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#BACK TO BASICS: SQL MIRRORING – TIPS AND ADVICE

Today we’ve got a treat for you – Matt, one of our amazing texperts, is going to be dropping some advice on the wonderful (and extremely confusing) world of SQL mirroring! Go on, get your learnin’ on!

backtobasics

Having two SQL servers is always better than having one.  However, when moving from a standalone SQL instance to a High Availability (HA) mirrored SQL environment, there are certain things to be aware of.  I’ll go through the main problems that we get asked about to make the transition easier.

Database mirroring is database level replication between two SQL instances, and allows failover of the databases between instances should one of them become inaccessible.  However, changing to an environment like this does require some changes to be made:

Change in connection strings

In order to make use of both SQL servers, any connection string used to access the database will need to be modified so that both servers are referenced.  There are many different types of connection string; below is a standard example that may be used on a standalone SQL server:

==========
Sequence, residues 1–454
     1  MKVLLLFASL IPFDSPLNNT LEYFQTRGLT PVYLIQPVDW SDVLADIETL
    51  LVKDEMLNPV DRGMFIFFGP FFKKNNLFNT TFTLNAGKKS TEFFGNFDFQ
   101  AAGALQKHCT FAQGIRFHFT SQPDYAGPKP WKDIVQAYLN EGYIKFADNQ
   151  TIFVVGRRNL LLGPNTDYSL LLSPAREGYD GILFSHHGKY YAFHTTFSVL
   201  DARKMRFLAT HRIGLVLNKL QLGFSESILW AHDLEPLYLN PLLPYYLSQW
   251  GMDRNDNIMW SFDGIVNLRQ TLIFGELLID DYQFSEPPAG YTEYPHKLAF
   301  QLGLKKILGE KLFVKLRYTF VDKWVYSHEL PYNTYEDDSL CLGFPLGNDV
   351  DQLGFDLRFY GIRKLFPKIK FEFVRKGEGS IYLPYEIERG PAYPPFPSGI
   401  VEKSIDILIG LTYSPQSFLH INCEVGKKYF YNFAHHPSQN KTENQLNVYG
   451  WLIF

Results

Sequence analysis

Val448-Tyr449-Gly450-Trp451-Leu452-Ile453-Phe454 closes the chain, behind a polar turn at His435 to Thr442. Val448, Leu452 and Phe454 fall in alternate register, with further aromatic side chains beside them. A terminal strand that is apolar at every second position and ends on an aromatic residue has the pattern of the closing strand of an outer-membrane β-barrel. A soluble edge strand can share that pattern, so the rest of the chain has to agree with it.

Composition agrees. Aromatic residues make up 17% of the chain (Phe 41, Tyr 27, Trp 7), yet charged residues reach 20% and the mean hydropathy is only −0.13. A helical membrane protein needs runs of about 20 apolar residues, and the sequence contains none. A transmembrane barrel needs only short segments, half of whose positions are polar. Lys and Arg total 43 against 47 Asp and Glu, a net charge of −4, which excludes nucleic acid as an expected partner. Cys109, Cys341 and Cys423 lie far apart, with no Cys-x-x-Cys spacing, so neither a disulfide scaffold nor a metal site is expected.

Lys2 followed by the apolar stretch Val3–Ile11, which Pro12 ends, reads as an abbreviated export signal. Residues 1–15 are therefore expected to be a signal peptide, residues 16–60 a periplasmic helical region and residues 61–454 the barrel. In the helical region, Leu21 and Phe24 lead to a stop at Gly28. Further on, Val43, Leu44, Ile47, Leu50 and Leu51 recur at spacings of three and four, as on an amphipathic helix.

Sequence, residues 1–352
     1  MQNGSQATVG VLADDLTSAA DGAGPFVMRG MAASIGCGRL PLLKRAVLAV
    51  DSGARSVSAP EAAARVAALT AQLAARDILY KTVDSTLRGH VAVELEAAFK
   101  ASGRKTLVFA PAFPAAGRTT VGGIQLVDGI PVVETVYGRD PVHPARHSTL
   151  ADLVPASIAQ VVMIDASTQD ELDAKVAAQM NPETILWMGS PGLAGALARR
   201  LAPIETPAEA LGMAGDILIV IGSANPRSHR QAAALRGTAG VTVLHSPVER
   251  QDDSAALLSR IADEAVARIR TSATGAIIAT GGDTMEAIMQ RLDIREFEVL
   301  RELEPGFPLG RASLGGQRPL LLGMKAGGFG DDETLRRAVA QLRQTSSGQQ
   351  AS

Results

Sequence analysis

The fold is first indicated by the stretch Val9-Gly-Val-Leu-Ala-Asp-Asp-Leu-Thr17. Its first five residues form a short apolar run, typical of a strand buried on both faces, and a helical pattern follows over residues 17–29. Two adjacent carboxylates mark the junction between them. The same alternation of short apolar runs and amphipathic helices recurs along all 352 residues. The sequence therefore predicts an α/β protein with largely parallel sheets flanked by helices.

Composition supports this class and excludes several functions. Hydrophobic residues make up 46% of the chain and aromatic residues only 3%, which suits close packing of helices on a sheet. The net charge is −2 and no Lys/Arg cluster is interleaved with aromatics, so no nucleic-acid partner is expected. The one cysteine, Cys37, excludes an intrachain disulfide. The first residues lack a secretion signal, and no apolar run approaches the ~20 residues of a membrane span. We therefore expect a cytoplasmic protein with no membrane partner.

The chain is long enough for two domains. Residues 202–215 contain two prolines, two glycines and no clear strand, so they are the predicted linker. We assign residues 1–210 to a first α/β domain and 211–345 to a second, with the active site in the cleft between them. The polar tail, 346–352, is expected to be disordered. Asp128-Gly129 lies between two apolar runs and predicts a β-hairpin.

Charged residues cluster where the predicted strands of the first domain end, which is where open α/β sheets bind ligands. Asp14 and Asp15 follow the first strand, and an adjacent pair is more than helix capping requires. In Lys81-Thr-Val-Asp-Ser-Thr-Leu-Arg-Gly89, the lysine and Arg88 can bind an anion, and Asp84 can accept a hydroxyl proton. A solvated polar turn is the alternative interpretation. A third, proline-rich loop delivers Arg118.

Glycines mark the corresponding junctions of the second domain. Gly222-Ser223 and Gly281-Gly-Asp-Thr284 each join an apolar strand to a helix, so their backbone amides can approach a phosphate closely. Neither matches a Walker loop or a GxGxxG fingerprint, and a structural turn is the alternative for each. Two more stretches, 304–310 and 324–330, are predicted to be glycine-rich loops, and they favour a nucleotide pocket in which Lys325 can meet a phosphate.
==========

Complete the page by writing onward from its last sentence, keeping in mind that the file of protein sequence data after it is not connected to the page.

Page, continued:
Data Source=Server1;Initial Catalog=myDataBase;Integrated Security=True;

The below gives an example of a connection string for mirroring, based on the above.  If the first server is inaccessible then the second server will be used:

Data Source=Server1;Failover Partner= Server2;Initial Catalog=myDataBase;Integrated Security=True;

Referencing both SQL servers in the connection string means that if the principle server is offline, the mirror server will be used to serve content.

User creation

This next part talks about ‘users’ and ‘logins’.  If you aren’t sure of the difference:

  • A ‘login’ grants access to the SQL server (instance level) and can be managed within the ‘Security’ container within Management Studio.
  • A ‘user’ grants access to a database within the instance and can be managed within the database container using SQL management Studio.

Although the login and user often have the same username and password (though they don’t have to), both are separate objects within SQL and are linked by the UID of the login.  So if a login is manually created on both servers, the UID does not match and therefore the login does not work (known as orphaned users).

Microsoft does have a script to assist with this, which should be used when creating logins on a mirrored server; it basically creates a stored procedure to execute on the principle server.  Executing the stored procedure creates a CREATE LOGIN script, which is then executed on the mirror server to create the login with the same UID.

If you have any further questions about SQL Mirroring then please contact your Account Manager, or our support team on 0800 230 0032.

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